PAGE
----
There were then about 100 pupils, including the preparatory school, being aught by ten professors and tutors, Rev. A. Kohlman being the president of the seminary and Rev. Adam Marshall principal of the preparatory school. Many pupils were here prepared for Georgetown College, a number appearing subsequently in the ministry and the professions.
Contemporaneous with the above was the neighboring Washington Academy of John McLeod, on the west side of 10th street between F and G streets, in which his brother, Columbus McLeod was his assistant. It was widly known as McLeod's School, both a this location and a few years afterward at the northwest corner of Grant place and 9th street.
Over the door was a sign, "Order Is Heaven's First Law." If there ever was a school in which order was maintained, it was this one. Mr. McLeod was a strict disciplinarian, and spared not the rod nor switch, but with all he was mindful of the morals and physical and intellectual needs of the pupils.
He encouraged swimming and other athletic sports, supervising their plays and accompanying them to the river at daylight for bathing. He believed that "cleanliness was next to godliness."
Taking in school at sunrise, the hours were long. No irrelevant word or sound was to be heard unless in recitation or through the infliction of corporqal punishment. Indeed, his character as a schoolmaster was such that a threat to send a boy to McLeod's School from any part of the city was sufficient to put him on his good behavior.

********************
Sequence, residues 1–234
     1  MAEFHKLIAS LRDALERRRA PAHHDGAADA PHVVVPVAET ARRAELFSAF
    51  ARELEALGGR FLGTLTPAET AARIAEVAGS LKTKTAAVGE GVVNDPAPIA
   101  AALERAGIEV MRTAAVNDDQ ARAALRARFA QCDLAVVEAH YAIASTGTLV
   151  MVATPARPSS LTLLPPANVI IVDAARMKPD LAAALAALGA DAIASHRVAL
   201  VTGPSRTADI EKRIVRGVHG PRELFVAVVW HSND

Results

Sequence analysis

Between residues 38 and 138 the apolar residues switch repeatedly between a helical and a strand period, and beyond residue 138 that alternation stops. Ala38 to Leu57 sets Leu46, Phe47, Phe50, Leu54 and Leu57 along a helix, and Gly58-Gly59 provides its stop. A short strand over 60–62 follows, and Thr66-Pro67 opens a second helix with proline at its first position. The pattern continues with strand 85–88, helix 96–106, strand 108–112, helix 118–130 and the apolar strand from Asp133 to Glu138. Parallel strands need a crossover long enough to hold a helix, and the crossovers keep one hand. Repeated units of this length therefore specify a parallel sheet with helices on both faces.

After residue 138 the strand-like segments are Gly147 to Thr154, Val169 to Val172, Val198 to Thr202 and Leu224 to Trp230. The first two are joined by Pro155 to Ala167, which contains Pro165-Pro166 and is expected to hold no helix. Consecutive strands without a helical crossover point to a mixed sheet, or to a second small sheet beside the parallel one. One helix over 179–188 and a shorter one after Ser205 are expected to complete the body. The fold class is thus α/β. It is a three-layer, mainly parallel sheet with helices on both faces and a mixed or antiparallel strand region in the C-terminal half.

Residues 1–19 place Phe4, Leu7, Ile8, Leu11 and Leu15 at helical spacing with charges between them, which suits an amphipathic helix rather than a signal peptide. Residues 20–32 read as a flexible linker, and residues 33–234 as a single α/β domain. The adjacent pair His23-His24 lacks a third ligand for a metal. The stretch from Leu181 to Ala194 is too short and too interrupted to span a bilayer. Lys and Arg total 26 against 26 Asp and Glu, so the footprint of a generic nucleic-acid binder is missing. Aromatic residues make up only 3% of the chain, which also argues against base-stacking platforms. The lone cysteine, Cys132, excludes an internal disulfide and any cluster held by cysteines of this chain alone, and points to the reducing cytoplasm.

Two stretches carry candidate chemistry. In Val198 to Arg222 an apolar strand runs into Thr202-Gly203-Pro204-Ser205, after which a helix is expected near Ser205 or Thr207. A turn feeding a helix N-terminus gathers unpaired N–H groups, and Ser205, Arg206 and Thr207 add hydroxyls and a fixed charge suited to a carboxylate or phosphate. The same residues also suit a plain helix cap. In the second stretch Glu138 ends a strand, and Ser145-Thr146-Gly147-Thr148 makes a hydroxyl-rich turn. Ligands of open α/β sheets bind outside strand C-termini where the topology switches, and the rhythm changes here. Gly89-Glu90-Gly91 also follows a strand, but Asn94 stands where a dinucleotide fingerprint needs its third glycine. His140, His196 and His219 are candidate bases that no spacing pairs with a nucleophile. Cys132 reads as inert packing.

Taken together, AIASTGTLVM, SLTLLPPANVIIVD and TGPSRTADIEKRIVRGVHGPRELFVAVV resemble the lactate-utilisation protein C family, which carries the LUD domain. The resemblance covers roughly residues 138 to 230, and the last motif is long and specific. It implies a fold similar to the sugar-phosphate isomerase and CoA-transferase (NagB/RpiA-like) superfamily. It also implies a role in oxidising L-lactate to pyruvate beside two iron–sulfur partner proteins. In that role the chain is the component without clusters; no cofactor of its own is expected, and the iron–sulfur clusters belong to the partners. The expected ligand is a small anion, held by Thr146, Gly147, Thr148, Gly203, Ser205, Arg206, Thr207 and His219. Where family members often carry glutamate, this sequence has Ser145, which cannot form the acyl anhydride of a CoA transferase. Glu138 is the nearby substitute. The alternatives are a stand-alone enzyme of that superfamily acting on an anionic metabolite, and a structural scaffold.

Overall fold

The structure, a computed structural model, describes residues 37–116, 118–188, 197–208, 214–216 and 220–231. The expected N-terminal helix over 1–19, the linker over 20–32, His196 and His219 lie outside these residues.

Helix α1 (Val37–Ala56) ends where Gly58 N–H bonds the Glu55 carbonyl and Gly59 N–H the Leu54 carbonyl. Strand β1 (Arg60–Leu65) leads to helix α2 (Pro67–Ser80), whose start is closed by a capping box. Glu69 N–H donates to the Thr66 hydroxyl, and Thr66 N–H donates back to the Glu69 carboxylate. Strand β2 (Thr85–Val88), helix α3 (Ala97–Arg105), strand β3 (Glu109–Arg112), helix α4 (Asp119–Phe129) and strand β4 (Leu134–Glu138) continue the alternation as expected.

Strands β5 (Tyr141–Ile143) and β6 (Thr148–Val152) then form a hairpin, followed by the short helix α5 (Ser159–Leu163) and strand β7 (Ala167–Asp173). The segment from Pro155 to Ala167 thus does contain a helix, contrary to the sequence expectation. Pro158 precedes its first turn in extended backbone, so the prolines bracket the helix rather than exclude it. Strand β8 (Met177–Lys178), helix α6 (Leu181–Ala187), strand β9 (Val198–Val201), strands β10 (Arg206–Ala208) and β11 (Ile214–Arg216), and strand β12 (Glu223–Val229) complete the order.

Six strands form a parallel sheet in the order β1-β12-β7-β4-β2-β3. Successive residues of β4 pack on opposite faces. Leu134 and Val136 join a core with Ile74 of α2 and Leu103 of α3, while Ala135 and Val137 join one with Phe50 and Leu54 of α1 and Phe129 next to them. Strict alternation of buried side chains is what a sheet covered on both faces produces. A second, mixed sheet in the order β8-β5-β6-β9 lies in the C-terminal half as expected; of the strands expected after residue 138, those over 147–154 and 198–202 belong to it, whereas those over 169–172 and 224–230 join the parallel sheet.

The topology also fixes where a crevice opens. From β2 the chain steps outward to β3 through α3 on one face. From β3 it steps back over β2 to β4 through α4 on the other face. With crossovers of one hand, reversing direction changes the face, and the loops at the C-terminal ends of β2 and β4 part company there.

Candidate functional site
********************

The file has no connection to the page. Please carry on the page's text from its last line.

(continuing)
As may be imagined, few bad boys left the school untamed. More than one character prominent in after years had reason to bless the time when its ways were turned by the rod of McLeod.
Catholic Day School
A scientific school of reput was established in "the long room over the baths" on C street between 4 1/2 and 6th by William Elliot, who was long connected with the patent office and afterward city surveyor and later a paten agent. At Mr. Schofield's, on 8th street south of E street, M. Poumeyrol conducted a scientific school.
French was taught on the same square as McLeod's by M. Tastet. A the northeast acorner of Pennsylvania avenue and 13th streets M. Varon kept a French academy.
Mrs. Fales kept a boarding school for young ladies on the west side of 13th street south of F street. Mrs. A.M. Stone had a seminary on the south side of the avenue between 10th and 11th streets prior to 1820, soon after locating on the north side of F between 19th and 20th streets.
R.M. Richarson had a young ladies' seminary on the north side of the avenue west of 12th street. On the south side of G street between 17th and 18th streets a school was known as Cottage Green School from the character of the building, a frame, and the surroundings, a field. Near the old Capitol was the school of the Rev. John Calmers. On 16th street north of St. John's Church was McPhail's Academy, which after went into possession of P.H. Haskell. Prior to 1820 the building was a medical hall.
There were other private schools. Margaret Sinnot having one on 11th street between E and F streets; Mrs. E. Turnbull, south side of F street between 6th and 7th, and in the eastern part of the city there were Mrs. Ann Smith,, on 7th between L and M; Thomas Wheat, at the Hamiltonian School, at the corner of 2d street and Virginia avenues southeast, and in the Ten Buildings on New Jersey avenue between D and E streets, John O'Brien and Miss Sarah Nichols each had a school.
William Sedgwick was on the west side of 7th street between L and M streets, and Rebecca Russ had a school opposite Mrs. Cattinger conducted a young ladies seminary on 13th street south of F street.
Mrs. Corbett on the south side of G between 19th and 20th streets had a school, and at the Union Academy, 26th street, near M street, J.D. Cobb had Georgetown as well as Washington pupils.